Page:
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circumstance

[ sur-kuhm-stans or, especially British, -stuhns ]
/ ˈsɜr kəmˌstæns or, especially British, -stəns /
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See synonyms for: circumstance / circumstanced / circumstances / circumstancing on Thesaurus.com

noun

verb (used with object), cir·cum·stanced, cir·cum·stanc·ing.

to place in particular circumstances or relations: The company was favorably circumstanced by the rise in tariffs.
Obsolete.
  1. to furnish with details.
  2. to control or guide by circumstances.

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Idioms for circumstance

    under no circumstances, regardless of events or conditions; never: Under no circumstances should you see them again.
    under the circumstances, because of the conditions; as the case stands: Under the circumstances, there is little hope for an early settlement.Also in the circumstances.

Origin of circumstance

1175–1225; Middle English <Latin circumstantia (circumstant-, stem of circumstāns, present participle of circumstāre to stand round), equivalent to circum-circum- + stā-stand + -nt present participle suffix + -ia noun suffix; see -ance
Dictionary.com Unabridged Based on the Random House Unabridged Dictionary, © Random House, Inc. 2021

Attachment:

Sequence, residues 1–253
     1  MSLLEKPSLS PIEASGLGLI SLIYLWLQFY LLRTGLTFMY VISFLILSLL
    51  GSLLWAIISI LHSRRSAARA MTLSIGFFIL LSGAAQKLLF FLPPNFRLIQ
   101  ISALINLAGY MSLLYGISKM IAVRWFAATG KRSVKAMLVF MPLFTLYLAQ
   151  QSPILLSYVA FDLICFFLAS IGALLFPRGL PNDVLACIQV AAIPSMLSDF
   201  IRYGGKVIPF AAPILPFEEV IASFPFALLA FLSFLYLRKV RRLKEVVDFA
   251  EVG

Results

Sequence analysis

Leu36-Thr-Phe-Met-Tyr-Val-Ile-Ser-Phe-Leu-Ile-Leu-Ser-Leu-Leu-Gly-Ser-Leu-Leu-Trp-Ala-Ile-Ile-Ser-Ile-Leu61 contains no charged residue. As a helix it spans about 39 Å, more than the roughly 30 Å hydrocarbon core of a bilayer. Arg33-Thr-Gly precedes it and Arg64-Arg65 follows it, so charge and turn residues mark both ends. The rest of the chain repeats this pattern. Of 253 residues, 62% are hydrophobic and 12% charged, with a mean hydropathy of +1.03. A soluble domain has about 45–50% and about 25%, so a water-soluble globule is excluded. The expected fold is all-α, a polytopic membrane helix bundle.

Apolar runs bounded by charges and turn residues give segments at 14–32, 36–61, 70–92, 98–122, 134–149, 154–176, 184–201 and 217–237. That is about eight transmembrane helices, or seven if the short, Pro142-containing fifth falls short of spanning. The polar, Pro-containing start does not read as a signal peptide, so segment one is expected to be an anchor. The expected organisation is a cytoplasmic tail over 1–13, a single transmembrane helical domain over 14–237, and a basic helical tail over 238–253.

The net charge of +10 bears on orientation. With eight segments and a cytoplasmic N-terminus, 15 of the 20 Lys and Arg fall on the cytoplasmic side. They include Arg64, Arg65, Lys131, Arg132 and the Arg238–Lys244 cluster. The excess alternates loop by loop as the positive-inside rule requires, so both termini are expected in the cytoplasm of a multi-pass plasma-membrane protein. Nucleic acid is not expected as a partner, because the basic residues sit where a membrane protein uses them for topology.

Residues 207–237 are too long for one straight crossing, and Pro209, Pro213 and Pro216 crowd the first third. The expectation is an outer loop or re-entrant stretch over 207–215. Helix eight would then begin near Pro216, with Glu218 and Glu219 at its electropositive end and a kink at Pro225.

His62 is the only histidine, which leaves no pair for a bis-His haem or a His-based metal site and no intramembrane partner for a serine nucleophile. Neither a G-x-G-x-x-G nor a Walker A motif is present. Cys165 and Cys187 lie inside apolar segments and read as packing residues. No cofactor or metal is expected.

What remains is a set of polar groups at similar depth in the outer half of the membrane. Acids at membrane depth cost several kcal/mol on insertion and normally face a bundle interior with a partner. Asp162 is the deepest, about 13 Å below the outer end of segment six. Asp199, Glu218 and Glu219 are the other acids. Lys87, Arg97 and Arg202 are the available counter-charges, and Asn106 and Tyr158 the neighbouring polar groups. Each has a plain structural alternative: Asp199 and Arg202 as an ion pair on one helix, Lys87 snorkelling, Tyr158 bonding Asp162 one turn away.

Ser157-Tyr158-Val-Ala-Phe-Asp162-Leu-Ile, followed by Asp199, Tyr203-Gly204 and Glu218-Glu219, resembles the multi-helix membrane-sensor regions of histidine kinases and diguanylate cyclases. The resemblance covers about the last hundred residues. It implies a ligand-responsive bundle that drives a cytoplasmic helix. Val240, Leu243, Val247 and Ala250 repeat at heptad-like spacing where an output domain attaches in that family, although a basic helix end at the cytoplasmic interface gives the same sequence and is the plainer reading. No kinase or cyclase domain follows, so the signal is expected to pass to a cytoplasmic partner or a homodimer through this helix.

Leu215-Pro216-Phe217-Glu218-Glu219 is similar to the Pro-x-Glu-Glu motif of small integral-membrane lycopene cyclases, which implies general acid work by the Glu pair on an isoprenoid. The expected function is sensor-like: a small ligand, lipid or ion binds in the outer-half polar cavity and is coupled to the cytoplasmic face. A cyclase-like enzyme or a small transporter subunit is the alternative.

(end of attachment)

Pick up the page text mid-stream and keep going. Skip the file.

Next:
Example sentences from the Web for circumstance

British Dictionary definitions for circumstance

circumstance
/ (ˈsɜːkəmstəns) /

noun

verb (tr)

to place in a particular condition or situation
obsolete to give in detail

Word Origin for circumstance

C13: from Old French circonstance, from Latin circumstantia, from circumstāre to stand around, from circum- + stāre to stand
Collins English Dictionary - Complete & Unabridged 2012 Digital Edition © William Collins Sons & Co. Ltd. 1979, 1986 © HarperCollins Publishers 1998, 2000, 2003, 2005, 2006, 2007, 2009, 2012

Idioms and Phrases with circumstance

circumstance

see extenuating circumstances; under the circumstances.

The American Heritage® Idioms Dictionary Copyright © 2002, 2001, 1995 by Houghton Mifflin Harcourt Publishing Company. Published by Houghton Mifflin Harcourt Publishing Company.
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